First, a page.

Climate Change Policies , Energy Security and Carbon Dependency Trade-offs for the European Union in the Longer Term

Research output: Contribution to JournalArticleAcademicpeer-review

Abstract

Abstract Energy policy in the European Union (EU) faces two major\nchallenges. The first challenge is posed by EUs commitment to reduce\ngreenhouse gas emissions to the atmosphere in the context of the\ninternational agreement on climate change. The second challenge is\nto keep ensuring European security of energy supply, while its dependency\non external sources of energy is projected to increase. In this paper,\ntwo long-term alternative climate change policy scenarios for Europe\nare examined. In the first scenario, EU reduces carbon dioxide emissions\nby domestic measures; in the second scenario EU maximizes cooperation\nwith the countries of the former Soviet Union (FSU). Impacts on carbon\nflows between the EU and FSU and on the external energy dependency\nof the EU are assessed with an applied general equilibrium model,\nGTAP-E, whose set of energy commodities is expanded with combustible\nbiomass as a renewable and carbon-neutral energy commodity. The results\nshow that there is a trade-off between economic efficiency, energy\nsecurity and carbon dependency for the EU. The FSU would unambiguously\nprefer cooperation.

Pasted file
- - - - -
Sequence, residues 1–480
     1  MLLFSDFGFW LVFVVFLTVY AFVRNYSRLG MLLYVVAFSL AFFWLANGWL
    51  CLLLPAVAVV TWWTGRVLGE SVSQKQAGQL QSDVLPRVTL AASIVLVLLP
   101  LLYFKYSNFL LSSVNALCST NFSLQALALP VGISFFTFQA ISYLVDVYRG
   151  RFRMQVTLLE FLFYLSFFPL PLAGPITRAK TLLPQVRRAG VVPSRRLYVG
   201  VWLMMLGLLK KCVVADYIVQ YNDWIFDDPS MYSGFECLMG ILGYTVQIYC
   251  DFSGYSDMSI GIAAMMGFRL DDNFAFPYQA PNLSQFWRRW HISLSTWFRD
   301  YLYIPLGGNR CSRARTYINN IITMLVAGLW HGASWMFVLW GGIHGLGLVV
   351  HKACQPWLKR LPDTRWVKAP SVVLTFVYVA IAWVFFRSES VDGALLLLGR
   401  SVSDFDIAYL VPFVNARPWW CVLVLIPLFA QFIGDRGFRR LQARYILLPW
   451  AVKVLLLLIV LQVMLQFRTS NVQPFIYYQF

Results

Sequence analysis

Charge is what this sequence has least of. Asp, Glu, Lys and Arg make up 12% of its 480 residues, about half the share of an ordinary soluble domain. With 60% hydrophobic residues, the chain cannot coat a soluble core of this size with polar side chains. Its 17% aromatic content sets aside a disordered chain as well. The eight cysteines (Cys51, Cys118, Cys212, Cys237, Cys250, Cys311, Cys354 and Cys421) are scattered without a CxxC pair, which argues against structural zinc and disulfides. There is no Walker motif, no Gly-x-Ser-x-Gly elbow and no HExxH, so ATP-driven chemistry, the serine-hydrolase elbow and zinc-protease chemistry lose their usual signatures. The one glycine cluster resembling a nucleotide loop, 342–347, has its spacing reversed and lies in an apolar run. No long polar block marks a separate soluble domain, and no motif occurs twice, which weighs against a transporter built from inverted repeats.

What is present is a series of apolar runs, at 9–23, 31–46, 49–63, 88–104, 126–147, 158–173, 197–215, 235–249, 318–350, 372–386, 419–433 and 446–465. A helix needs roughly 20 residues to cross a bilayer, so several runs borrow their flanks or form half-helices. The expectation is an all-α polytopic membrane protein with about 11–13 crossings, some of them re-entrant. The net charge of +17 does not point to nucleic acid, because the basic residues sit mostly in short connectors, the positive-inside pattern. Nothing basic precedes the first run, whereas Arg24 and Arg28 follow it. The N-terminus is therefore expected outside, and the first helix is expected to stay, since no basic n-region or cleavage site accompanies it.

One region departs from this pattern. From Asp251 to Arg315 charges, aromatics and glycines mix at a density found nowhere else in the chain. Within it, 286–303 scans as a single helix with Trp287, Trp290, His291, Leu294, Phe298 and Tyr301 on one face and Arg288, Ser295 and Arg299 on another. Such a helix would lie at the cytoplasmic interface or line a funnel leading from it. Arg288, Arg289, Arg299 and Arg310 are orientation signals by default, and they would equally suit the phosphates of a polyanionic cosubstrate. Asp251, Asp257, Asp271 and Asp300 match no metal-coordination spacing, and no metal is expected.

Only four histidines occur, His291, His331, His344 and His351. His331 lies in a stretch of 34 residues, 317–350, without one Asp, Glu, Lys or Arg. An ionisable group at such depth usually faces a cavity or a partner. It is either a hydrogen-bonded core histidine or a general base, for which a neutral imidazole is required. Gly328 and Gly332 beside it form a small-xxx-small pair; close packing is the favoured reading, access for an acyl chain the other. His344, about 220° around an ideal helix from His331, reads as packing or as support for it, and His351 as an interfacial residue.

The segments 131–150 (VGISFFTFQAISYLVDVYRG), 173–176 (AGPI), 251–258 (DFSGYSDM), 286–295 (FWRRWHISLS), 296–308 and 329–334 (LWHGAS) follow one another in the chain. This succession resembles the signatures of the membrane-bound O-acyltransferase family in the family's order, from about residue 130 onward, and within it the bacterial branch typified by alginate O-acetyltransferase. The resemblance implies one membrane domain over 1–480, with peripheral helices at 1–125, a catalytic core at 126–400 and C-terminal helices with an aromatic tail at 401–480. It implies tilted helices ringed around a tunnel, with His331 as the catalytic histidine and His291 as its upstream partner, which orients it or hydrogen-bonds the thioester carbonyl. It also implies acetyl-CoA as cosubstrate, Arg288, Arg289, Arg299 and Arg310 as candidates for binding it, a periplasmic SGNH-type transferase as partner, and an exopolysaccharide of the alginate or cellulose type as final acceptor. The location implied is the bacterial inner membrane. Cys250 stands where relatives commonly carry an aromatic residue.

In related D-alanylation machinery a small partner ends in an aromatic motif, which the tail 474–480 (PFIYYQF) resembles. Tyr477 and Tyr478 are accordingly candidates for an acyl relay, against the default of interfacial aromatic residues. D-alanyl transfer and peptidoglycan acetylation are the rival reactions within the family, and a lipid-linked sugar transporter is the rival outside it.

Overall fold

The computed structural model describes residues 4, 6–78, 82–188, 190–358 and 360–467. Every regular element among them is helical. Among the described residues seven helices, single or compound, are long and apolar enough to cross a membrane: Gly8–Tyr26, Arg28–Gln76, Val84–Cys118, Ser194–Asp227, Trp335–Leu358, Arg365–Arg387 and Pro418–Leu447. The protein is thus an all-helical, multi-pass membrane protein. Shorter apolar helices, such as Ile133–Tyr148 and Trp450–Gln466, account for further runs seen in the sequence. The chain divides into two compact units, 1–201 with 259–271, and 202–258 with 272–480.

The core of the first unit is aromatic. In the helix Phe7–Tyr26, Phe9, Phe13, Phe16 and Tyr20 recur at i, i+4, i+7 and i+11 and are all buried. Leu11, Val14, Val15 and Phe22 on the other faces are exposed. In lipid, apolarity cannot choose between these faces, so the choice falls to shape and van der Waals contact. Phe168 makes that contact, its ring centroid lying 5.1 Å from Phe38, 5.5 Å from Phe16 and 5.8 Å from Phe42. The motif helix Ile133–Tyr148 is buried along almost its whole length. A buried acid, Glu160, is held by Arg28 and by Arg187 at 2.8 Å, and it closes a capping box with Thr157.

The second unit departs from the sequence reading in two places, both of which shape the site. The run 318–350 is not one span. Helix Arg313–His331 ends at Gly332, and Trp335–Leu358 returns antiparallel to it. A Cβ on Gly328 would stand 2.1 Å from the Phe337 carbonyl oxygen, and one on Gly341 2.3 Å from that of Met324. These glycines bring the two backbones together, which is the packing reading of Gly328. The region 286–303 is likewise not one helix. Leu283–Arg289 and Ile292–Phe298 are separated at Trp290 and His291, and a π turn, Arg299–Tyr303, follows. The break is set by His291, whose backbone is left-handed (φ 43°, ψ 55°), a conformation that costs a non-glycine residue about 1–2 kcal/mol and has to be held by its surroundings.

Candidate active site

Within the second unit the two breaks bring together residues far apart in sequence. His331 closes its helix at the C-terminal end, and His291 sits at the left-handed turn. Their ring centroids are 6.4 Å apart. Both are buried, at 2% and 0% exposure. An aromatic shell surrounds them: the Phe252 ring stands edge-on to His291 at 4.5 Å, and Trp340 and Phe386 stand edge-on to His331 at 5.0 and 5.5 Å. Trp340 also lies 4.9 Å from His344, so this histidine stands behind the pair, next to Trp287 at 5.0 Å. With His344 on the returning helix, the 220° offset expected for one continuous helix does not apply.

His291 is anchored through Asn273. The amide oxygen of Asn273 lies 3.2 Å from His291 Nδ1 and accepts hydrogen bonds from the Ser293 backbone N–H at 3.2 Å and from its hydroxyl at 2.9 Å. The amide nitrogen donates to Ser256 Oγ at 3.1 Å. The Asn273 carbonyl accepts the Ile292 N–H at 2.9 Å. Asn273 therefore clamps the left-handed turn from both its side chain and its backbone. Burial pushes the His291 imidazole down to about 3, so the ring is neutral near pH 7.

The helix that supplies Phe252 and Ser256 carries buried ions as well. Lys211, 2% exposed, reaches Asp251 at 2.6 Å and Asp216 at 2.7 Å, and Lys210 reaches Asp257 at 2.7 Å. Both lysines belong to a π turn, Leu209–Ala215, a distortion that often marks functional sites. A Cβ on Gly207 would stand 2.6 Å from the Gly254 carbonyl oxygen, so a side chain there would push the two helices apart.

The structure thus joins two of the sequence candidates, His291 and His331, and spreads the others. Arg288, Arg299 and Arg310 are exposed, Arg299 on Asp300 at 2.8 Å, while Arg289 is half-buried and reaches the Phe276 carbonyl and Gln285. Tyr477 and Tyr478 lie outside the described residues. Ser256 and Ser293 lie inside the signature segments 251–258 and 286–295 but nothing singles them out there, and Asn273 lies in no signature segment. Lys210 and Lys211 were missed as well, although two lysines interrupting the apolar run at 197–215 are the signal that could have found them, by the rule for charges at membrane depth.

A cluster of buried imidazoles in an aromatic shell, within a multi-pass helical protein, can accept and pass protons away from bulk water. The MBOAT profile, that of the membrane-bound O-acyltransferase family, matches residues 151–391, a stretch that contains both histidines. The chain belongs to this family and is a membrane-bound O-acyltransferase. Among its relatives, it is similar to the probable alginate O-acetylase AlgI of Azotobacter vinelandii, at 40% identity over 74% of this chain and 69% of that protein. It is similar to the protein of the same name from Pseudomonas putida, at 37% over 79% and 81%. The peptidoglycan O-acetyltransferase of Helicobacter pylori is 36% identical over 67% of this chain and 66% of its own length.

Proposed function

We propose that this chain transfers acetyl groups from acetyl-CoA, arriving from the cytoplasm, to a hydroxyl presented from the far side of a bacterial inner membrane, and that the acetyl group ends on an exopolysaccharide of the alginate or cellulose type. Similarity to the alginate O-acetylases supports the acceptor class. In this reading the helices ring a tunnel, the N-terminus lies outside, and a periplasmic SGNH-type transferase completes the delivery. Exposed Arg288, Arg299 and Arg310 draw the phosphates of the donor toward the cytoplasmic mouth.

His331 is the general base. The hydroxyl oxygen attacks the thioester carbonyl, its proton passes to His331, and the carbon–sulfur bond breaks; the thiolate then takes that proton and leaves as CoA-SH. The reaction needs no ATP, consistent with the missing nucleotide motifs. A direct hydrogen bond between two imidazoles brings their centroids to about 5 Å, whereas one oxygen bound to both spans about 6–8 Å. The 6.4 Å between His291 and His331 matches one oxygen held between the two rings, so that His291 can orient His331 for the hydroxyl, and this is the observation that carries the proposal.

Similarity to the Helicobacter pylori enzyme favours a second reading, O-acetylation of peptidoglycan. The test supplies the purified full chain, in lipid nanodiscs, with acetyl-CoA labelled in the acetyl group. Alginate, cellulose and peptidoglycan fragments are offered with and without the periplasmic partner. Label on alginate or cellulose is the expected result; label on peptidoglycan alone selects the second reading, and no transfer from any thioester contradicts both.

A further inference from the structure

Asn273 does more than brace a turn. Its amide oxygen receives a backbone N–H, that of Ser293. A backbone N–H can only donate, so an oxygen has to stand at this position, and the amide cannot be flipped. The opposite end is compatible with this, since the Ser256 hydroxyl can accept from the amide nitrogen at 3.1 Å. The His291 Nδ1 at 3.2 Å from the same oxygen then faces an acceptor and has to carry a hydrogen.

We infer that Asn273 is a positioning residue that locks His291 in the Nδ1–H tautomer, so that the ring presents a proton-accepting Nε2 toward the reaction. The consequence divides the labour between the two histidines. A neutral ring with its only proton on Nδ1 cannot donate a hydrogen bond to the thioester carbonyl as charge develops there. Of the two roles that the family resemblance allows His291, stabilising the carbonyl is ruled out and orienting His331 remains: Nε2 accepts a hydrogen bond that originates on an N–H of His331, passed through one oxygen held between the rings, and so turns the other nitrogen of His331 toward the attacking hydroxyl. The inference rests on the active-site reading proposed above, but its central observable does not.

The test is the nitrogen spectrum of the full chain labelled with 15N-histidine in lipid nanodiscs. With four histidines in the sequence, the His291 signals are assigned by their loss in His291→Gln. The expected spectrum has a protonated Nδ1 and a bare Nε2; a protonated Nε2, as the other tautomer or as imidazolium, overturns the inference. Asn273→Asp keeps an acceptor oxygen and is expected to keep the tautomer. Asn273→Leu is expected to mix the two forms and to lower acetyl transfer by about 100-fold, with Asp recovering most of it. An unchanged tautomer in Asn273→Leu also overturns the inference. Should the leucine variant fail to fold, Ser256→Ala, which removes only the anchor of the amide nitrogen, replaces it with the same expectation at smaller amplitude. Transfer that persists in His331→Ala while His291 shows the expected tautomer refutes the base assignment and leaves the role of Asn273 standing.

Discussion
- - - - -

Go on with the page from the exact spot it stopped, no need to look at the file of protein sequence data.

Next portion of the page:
Original languageEnglish
Pages (from-to)221-242
Number of pages22
JournalSecurity Magazine
Publication statusPublished - 2003

Keywords

  • 28 member states
  • abbreviations
  • biomass
  • c
  • carbon
  • carbon dependency
  • carbon dioxide
  • climate change policy
  • co 2
  • eccp
  • emissions trading
  • energy security
  • enlarged european union of
  • eu
  • eu28
  • european climate change programme
  • european union
  • former soviet union
  • fsu
  • ghg
  • global trade analysis project
  • greenhouse gases
  • gtap
  • hypothetical

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